Kek Lok Si is a Bud­dhist tem­ple in Penang which is one of the most famous tem­ples on the island. It is said to be the largest Bud­dhist tem­ple in Malaysia, as well as an impor­tant pil­grim­age cen­ter for Bud­dhists from Hong Kong, the Philip­pines, Sin­ga­pore and oth­er South­east Asian coun­tries. This entire com­plex of tem­ples was built between 1890 and 1930. The main attrac­tion in the com­plex is the strik­ing sev­en-sto­ry Rama VI Pago­da (Ten Thou­sand Bud­dha Pago­da) with 10,000 alabaster and bronze Bud­dha stat­ues and the 36.57-meter tall bronze stat­ue of Kuan Yin.

kek loksi

Entry relat­ed to loca­tion: Malaysia

When vis­it­ing Malaysi­a’s most pop­u­lar cities, make sure to take the time to explore this out­stand­ing land­mark. Mahayana Bud­dhism, Ther­ava­da Bud­dhism and tra­di­tion­al Chi­nese rit­u­als merge into a har­mo­nious whole, both in tem­ple archi­tec­ture and art­work, as well as in the dai­ly activ­i­ties of wor­shipers. Lit­er­al­ly, the name Kek Lok Si trans­lates as “Heav­en­ly Tem­ple”, “Tem­ple of the Pure Land”, “Tem­ple of Supreme Bliss”, and “Tem­ple of Par­adise”.

His­to­ry of Kek Lok Si

The con­struc­tion of the tem­ple began in 1890 and was com­plet­ed in 1905. It was inspired by Beu Ling, head monk of the Tem­ple of the God­dess of Mer­cy on Pitt Street in 1887. Beu chose a spir­i­tu­al place over­look­ing the sea in the hills of Ayer Itam and became the first abbot of the tem­ple. The con­struc­tion of the tem­ple com­plex was spon­sored by five of Penang’s lead­ing Chi­nese busi­ness­men, known as the “Hak­ka tycoons”. The main hall, which was com­plet­ed first, housed the shrine of Guanyin. There are stat­ues of female god­dess­es — the Queen of Heav­en, the God­dess of the Earth and the God­dess of Fer­til­i­ty. Peo­ple com­pared this shrine to West­ern Amitab­ha and start­ed call­ing it “Kek Lok Si”. There are also many oth­er tem­ple cham­bers with majes­tic stat­ues, includ­ing gild­ed Bud­dhas.

See also
Travel Pillow Lofty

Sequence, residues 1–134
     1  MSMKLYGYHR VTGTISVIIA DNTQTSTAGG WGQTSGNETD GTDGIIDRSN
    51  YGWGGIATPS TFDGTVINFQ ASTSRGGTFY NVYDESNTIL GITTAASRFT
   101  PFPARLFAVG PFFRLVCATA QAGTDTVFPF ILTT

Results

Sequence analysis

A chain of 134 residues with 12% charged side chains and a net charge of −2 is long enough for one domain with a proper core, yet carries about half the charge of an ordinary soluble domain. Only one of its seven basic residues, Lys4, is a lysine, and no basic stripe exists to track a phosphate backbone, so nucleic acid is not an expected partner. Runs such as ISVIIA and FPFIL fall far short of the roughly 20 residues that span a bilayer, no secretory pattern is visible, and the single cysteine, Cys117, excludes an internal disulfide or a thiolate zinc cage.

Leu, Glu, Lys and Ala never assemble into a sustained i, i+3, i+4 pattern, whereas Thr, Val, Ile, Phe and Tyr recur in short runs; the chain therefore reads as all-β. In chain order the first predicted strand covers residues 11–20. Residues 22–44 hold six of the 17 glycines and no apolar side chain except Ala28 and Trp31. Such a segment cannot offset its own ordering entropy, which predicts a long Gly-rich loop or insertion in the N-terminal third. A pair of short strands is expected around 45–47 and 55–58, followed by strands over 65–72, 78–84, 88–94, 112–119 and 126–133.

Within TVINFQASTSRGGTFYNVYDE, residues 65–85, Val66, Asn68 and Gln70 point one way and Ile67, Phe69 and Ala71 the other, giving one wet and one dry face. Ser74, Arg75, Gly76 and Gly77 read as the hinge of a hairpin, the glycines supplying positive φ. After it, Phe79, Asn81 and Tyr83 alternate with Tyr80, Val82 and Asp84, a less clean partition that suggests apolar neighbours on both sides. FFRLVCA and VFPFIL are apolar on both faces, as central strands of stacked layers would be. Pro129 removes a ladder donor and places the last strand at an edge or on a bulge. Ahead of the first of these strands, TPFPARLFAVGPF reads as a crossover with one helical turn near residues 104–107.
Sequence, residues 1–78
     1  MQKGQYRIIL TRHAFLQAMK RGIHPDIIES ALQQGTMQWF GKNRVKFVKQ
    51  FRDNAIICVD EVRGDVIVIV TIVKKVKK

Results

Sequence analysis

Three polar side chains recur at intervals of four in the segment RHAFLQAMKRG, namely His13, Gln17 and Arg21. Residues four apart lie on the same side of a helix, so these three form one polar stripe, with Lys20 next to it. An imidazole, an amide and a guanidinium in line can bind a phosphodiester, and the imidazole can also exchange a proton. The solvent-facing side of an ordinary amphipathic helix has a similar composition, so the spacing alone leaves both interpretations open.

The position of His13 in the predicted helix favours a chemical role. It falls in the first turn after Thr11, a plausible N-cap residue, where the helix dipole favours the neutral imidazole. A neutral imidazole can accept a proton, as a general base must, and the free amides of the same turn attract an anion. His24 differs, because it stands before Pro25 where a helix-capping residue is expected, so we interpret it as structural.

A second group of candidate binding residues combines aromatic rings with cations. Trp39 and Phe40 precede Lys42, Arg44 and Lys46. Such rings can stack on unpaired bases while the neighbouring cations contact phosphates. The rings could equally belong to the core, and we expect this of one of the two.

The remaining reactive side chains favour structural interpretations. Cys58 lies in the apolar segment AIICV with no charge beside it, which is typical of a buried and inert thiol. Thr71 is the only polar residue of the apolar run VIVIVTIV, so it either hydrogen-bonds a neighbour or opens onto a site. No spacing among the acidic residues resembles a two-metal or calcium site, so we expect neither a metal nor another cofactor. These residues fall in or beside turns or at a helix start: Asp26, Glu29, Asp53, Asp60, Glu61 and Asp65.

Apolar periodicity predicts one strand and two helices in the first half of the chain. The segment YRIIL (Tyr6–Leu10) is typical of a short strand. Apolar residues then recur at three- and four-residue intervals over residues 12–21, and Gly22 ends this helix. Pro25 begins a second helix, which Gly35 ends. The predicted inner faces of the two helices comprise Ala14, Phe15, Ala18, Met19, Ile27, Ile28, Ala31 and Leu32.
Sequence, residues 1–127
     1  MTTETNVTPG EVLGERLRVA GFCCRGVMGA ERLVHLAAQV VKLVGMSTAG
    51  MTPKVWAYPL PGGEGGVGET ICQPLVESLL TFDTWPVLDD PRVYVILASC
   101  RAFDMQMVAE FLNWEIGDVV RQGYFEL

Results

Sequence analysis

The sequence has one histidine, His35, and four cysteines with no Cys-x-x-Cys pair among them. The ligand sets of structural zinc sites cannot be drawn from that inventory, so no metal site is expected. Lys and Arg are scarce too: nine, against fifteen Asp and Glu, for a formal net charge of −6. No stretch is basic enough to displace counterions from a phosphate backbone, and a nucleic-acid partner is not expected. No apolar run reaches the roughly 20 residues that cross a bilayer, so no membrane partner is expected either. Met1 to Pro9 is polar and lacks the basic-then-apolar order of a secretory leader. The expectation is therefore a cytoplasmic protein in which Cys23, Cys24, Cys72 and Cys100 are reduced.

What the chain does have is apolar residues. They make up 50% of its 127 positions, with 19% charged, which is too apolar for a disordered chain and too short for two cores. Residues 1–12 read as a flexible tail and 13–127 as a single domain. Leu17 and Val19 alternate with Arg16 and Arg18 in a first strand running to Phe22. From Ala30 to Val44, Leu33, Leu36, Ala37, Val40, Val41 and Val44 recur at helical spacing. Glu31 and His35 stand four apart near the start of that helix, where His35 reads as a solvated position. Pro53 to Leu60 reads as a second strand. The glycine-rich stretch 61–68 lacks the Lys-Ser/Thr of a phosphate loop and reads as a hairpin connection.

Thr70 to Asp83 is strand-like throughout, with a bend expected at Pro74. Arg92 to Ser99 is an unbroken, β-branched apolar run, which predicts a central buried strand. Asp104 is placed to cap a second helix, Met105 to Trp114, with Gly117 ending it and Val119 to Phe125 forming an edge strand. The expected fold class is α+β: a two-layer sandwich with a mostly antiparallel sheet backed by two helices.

temple in malaysia
The Chi­nese con­sul in Penang report­ed the great­ness of the tem­ple to the Qing gov­ern­ment. There­after, the Guangxu Emper­or invit­ed Beu Ling to Bei­jing in 1904 and bestowed upon him 70,000 vol­umes on “Psalms and oth­er sacred works of Bud­dhism” and issued a decree appoint­ing him “Chief Priest of Penang”. Upon the return of the abbot to Penang, a roy­al pro­ces­sion was orga­nized to the tem­ple com­plex. Emi­nent Chi­nese dig­ni­taries of Penang, in their roy­al man­darin attire, accom­pa­nied the abbot in this pro­ces­sion. In 1930, the sev­en-sto­ry main pago­da of Kek Lok Si Tem­ple, the Ten Thou­sand Bud­dha Pago­da, was com­plet­ed at a height of 30 meters. It com­bines a Chi­nese octag­o­nal base with a Thai design and a Burmese spi­ral dome. Kek Lok Si rep­re­sents a syn­cretism of eth­nic and reli­gious diver­si­ty in the coun­try. There is a large Bud­dha stat­ue here, giv­en by King Bhu­mi­bol of Thai­land. King Rama VI of Thai­land laid the foun­da­tion for the pago­da.

In 2002, the 302-meter bronze stat­ue of the God­dess of Mer­cy Guanyin was com­plet­ed and opened to the pub­lic. It replaced a pre­vi­ous white plas­ter stat­ue that had been dam­aged by a fire a few years ear­li­er. The bronze stat­ue is locat­ed on the hill­side above the pago­da. The stat­ue is com­ple­ment­ed by a three-sto­ry roofed pavil­ion 60.9 meters high with 16 bronze columns, which was com­plet­ed in 2009. This is the tallest stat­ue of Guanyin in the world. One hun­dred stat­ues of the god­dess Kuan Yin, each 2 meters high, are installed around the main stat­ue of the god­dess. How­ev­er, its height was lim­it­ed to avoid the shad­ow falling on the state mosque of Penang. This tem­ple also has a large hydraulic bell in the tem­ple com­plex that rings at fre­quent inter­vals. The tem­ple is rich­ly rep­re­sent­ed by wood and stone carv­ings. Each deity has a cush­ion in front of it, impres­sive scrolls and can­dles set in very attrac­tive pen­dant lights.

See also
The smallest hotel Utter Inn

temple at night

Festivals at the Temple

The tem­ple is the site of fes­ti­vals for the Chi­nese com­mu­ni­ty in Penang. The Chi­nese New Year cel­e­bra­tion is espe­cial­ly impres­sive. For 30 days after the Chi­nese New Year, the tem­ple stays open late into the night as thou­sands of lights turn the land­scape into a sea of ​​light. Dur­ing the days of the fes­ti­val, the com­plex is dec­o­rat­ed with thou­sands of lanterns rep­re­sent­ing dona­tions from sup­port­ers of the reli­gion. Anoth­er fes­tive fea­ture is the long march­es led by hun­dreds of monks from Thai­land once or twice a year. These fes­ti­vals are one of the many rea­sons to vis­it Malaysia and have a great time.